Under the Medical Devices Regulation 2017/745 (MDR), it is required for manufacturers to plan, conduct and document a clinical evaluation. As per Article 61(1) MDR, this evaluation should confirm the conformity of the device with relevant general safety and performance requirements under the normal conditions of the device’s intended use. On the other hand, Articles 62 to 80 MDR also set the requirement to conduct a clinical investigation (or clinical study) for manufacturers to demonstrate ongoing device safety and clinical performance requirements. In this sense, several manufacturers struggle to distinguish between a Clinical Study and a Clinical Evaluation Report under the regulation. Therefore, we will assess each document and explain its differences in this post.
What is a Clinical Study?
A Clinical Study or clinical investigation is defined as any systemic investigation or study involving one or more subjects, undertaken to assess the safety or performance of a medical device. In this context, the MDR specifies different types of clinical investigation whose regulatory pathway depends on the Clinical Development Plan and the use of clinical data.
EU competent authorities are heavily involved in the process of clinical investigations. Depending on the nature of the study, an ethics committee opinion is required according to the national law of the country where the clinical investigation is carried out. The ethics committee must approve the clinical study. Likewise, the national competent authority will also evaluate certain type of clinical investigation application and give its approval.
The MDCG issued guidance on clinical investigation application/notification documents and a Q&A guidance on clinical investigation to support manufacturers. Furthermore, information concerning clinical investigations will need to be entered once EUDAMED is fully functional.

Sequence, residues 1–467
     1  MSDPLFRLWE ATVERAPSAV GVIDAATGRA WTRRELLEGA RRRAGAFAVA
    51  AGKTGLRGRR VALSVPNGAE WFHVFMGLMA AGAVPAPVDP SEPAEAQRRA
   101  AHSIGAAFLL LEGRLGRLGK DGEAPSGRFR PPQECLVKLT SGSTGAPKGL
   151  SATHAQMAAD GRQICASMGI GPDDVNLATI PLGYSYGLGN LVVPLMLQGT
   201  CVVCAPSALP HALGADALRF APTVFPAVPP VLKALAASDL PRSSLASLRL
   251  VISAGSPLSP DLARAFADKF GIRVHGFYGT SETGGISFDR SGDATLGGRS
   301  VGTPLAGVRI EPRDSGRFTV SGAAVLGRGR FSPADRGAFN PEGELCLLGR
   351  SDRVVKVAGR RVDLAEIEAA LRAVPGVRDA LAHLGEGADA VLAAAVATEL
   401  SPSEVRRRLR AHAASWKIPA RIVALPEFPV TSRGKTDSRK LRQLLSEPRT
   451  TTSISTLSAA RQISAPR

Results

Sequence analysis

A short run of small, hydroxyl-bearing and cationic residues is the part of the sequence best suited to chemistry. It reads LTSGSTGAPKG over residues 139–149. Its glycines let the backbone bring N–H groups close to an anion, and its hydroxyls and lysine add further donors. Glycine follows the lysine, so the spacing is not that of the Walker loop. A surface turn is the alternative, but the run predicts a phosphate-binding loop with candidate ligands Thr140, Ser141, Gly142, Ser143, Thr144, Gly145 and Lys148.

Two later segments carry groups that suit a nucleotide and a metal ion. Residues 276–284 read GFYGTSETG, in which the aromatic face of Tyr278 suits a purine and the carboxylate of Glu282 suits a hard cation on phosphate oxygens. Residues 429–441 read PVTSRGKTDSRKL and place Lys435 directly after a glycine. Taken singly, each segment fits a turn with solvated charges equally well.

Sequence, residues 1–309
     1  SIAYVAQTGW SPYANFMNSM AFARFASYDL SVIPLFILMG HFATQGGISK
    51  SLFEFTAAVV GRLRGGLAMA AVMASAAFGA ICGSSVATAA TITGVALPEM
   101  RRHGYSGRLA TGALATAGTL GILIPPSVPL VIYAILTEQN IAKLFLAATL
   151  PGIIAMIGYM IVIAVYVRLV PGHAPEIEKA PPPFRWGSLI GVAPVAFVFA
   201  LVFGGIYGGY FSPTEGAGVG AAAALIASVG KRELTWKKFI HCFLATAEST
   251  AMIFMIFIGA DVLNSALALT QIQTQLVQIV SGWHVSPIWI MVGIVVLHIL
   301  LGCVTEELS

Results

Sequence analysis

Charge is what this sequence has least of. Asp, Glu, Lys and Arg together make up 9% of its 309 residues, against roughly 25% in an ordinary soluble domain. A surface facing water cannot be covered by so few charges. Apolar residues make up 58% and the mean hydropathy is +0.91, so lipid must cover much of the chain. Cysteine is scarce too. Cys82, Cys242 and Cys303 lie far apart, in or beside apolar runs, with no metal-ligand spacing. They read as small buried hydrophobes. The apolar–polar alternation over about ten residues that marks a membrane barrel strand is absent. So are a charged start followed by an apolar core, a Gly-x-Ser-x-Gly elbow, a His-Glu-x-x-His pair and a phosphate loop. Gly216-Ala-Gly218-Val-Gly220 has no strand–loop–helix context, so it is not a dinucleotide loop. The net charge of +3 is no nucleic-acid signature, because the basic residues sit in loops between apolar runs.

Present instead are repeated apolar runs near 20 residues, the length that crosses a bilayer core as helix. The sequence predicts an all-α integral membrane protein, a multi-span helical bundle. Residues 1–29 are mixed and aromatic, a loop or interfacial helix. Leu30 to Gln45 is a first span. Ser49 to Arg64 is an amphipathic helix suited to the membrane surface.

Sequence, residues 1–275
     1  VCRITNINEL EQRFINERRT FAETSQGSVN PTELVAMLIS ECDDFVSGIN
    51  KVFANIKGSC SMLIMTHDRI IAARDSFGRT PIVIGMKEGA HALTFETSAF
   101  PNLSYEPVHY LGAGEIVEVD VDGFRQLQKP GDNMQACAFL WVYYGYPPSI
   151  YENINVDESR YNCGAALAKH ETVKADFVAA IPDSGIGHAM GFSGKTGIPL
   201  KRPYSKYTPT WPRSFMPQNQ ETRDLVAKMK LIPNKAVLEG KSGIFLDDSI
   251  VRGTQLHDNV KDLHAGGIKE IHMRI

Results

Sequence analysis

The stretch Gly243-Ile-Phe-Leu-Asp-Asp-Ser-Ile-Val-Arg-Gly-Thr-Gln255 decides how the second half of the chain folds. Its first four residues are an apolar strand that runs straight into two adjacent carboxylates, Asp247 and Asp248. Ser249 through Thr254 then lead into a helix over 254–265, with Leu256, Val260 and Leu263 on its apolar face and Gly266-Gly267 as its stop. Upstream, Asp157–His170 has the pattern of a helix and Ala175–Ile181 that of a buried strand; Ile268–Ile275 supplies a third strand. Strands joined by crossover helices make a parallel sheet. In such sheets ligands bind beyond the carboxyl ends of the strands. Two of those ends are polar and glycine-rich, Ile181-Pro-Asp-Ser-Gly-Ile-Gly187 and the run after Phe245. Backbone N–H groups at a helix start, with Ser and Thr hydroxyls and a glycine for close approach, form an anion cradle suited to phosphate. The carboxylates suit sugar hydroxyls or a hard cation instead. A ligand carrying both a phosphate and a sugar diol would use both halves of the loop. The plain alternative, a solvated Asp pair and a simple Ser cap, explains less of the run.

What is a Clinical Evaluation?
A Clinical Evaluation can be defined as a set of activities based on scientific methods that assesses and analyses clinical data to verify the safety, clinical performance, and effectiveness of the medical device when the device is used as intended by the manufacturer. Therefore, as stated in Article 61 and Annex XIV of the EU MDR, the Clinical Evaluation shall:
- Identify the intended purpose and associated clinical benefits of the device, including conditions of use and contraindications;
- Establish achievable outcomes with other state of the art for the same patient populations;
- Justify the data sourced used;
- Establish conclusions on:
- Justify the completeness of evidence to support indications, potential patient populations, variants and combinations of the device, etc;
The manufacturer should compile evidence, perform the benefit-risk analysis and document the Clinical or Performance Evaluation and its output in the Clinical Evaluation (MDR) report.
The results of the clinical evaluation and the clinical evidence on which it is based, shall be documented in a clinical evaluation report, which shall support the assessment of the conformity of the device. The clinical evidence, together with non-clinical data generated from non-clinical testing methods and other relevant documentation shall allow the manufacturer to demonstrate conformity with the general safety and performance requirements and shall be part of the technical documentation for the device in question.
The Clinical Evaluation Report shall be based on the Clinical Evaluation Plan, whose content is defined in Annex XIV part A (point 1.a). Thus, as point 4 of the same Annex states:
What other requirements should manufacturers consider?
Manufacturers also need to implement a post-market surveillance system. As part of this, the Post-market Clinical Follow-up (PMCF Plan) is a continuous process integrated into the PMS plan, which:
- Confirms the safety and performance of the device throughout its expected lifetime;
- Identifies previously unknown side-effects and monitors identified ones;
- Identifies and analyses emergent risks;
- Ensures the continued acceptability of the benefit-risk ratio;
- Identifies possible systemic misuse or off-label use of the device;
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